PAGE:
Boston 2024 Olympic rendering

Early details of Boston’s 2024 Olympic concept


The Boston 2024 Olympic bid concept — but not final plan — includes 28 of 33 sports venues in a 10km (6.25-mile) radius, but organizers are also looking at other parts of the state.

“This truly is going to be a regional Games,” Boston mayor Marty Walsh said Friday morning, a little more than 12 hours after the U.S. Olympic Committee chose Boston as its 2024 bid, over finalists Los Angeles, San Francisco and Washington, D.C.

The Boston Herald published a map of preliminary proposals for 2024 Olympic venues here, some of which were repeated by Boston officials Friday — such as the marathon finish and beach volleyball venue being across the street from each other at Boston Common and a temporary Olympic Stadium. Also mentioned was making Franklin Park a “world-class golf venue” and possibly hosting soccer — and perhaps more sports — at the New England Patriots’ and New England Revolution’s Gillette Stadium.

Walsh also named other parts of the state that could host events — Cambridge and Somerville, which are within a few miles of Boston, and Lowell, which is about 30 miles away.

A final bid plan will be submitted to the International Olympic Committee by September.

As for Boston’s chances in a 2017 IOC vote (should it make it that far) to award the 2024 Games against international cities including Rome, Berlin or Hamburg and possibly Paris and a South African bid?

USOC chairman Larry Probst expressed optimism compared to the last U.S. bid, Chicago’s failed effort for the 2016 Olympics in 2009, when the USOC’s relationship with the IOC was “not terrific.”

“There were some issues, some challenges between the USOC and the IOC [in the past],” Probst said at the press conference at the Boston Convention and Exhibition Center. “I think we worked diligently to resolve those issues. I think the relationship between the IOC and the USOC is far more positive now than it was six or seven years ago.”

Probst and USOC CEO Scott Blackmun also said what put Boston ahead of the other three U.S. finalist cities Thursday after what Probst called “the most agonizing decision that we have ever made as a board.”

The prevailing factors were an athlete-centric, cost-effective and cost-efficient concept that harmonized well with Boston’s long-term vision, included the city’s universities and fit with Agenda 2020, the IOC’s measures approved in December that include reducing costs in the bid process.

Walsh spent Thursday in his office, waiting for the USOC’s decision and looking at the caller ID every time his office phone rang. He finally saw a Colorado number.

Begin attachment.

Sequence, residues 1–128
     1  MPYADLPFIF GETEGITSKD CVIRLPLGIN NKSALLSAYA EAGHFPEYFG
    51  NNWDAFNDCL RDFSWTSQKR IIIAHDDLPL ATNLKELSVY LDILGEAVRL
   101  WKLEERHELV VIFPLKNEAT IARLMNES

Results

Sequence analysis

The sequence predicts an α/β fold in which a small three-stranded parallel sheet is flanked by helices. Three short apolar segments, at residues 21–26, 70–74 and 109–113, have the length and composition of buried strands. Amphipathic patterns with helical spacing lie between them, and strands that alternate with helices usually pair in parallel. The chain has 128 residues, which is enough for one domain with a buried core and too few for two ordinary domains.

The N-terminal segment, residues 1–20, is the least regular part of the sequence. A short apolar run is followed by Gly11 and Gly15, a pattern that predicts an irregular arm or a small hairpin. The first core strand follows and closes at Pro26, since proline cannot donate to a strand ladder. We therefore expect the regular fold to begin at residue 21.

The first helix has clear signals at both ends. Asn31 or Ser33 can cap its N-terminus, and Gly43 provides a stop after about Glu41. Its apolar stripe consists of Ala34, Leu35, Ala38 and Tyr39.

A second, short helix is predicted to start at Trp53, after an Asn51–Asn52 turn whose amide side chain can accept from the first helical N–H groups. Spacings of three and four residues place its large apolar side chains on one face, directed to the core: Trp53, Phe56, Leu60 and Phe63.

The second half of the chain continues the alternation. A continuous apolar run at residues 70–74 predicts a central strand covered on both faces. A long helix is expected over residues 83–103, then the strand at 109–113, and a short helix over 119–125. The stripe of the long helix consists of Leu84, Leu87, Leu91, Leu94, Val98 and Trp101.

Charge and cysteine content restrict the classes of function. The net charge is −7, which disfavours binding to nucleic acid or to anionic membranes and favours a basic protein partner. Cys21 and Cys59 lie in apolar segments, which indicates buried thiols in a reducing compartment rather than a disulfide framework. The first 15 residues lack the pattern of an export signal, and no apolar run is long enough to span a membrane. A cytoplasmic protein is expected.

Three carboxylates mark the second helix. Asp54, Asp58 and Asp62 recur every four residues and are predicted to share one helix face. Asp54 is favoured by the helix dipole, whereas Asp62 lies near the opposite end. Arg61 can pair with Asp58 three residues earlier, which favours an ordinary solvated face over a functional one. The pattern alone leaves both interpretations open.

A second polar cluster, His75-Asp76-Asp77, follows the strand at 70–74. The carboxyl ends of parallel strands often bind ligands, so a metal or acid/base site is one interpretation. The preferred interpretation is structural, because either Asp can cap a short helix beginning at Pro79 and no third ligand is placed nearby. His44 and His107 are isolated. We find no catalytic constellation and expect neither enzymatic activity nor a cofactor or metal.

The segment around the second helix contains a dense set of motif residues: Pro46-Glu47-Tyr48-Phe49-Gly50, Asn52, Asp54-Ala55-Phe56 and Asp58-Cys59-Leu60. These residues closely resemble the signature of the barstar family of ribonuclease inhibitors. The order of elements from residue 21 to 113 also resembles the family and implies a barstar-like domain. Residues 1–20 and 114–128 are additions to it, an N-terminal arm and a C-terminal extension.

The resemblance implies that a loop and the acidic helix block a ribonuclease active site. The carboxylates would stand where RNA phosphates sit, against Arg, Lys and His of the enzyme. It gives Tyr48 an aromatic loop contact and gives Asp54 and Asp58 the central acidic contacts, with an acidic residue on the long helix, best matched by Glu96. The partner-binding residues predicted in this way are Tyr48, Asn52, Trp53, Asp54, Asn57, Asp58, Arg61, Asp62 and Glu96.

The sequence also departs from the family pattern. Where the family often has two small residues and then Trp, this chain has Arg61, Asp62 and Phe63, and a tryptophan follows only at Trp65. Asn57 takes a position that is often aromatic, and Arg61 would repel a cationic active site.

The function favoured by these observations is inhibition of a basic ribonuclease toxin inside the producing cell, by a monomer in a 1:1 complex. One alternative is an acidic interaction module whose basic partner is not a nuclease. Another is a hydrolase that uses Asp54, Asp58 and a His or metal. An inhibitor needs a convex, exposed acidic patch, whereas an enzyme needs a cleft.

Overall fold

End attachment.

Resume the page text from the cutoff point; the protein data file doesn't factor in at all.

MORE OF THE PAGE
“I picked it up, and I knew instantly,” said Walsh, adding he later received more than 100 text messages from people expressing excitement. “I knew that what we had achieved, what we thought was impossible, was reality.”

Boston’s ties to the Olympics

Here are early Boston 2024 renderings courtesy of the organizing committee:





Serena Williams, Rafael Nadal rekindle record bids at French Open

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Serena Williams and Rafael Nadal will play on the same day at the French Open through the quarterfinals, assuming each advances that far and the weather doesn’t wreak havoc. Each time they walk on the crushed red clay, the legends move closer to tying all-time records.

Williams, in her 10th bid since returning from childbirth to tie Margaret Court‘s 24 Grand Slam singles titles, battled and then rolled past 102nd-ranked countrywoman Kristie Ahn 7-6 (2), 6-0.

“I just need to play with more confidence, like I’m Serena,” she said of the difference between a 74-minute first set and a 27-minute second set. “I love the clay, and I started playing like it, opening the court and moving and sliding.”

Nadal, in his second major since moving within one of Roger Federer‘s male record 20 Slam titles, swept 83rd-ranked Belarusian Egor Gerasimov 6-4, 6-4, 6-2.

“Six months without playing a single tennis match is not easy,” said Nadal, who skipped the U.S. Open and then lost his third match at his comeback tournament in Rome. “I had to stop playing tennis for more than two months, so situation is difficult.”

FRENCH OPEN DRAWS: Men | Women | TV Schedule

Their pursuits are very different.

Williams is already the greatest player in history by many measures, especially considering most of Court’s crowns came before the Open Era and some at the Australian Open without the world’s best players.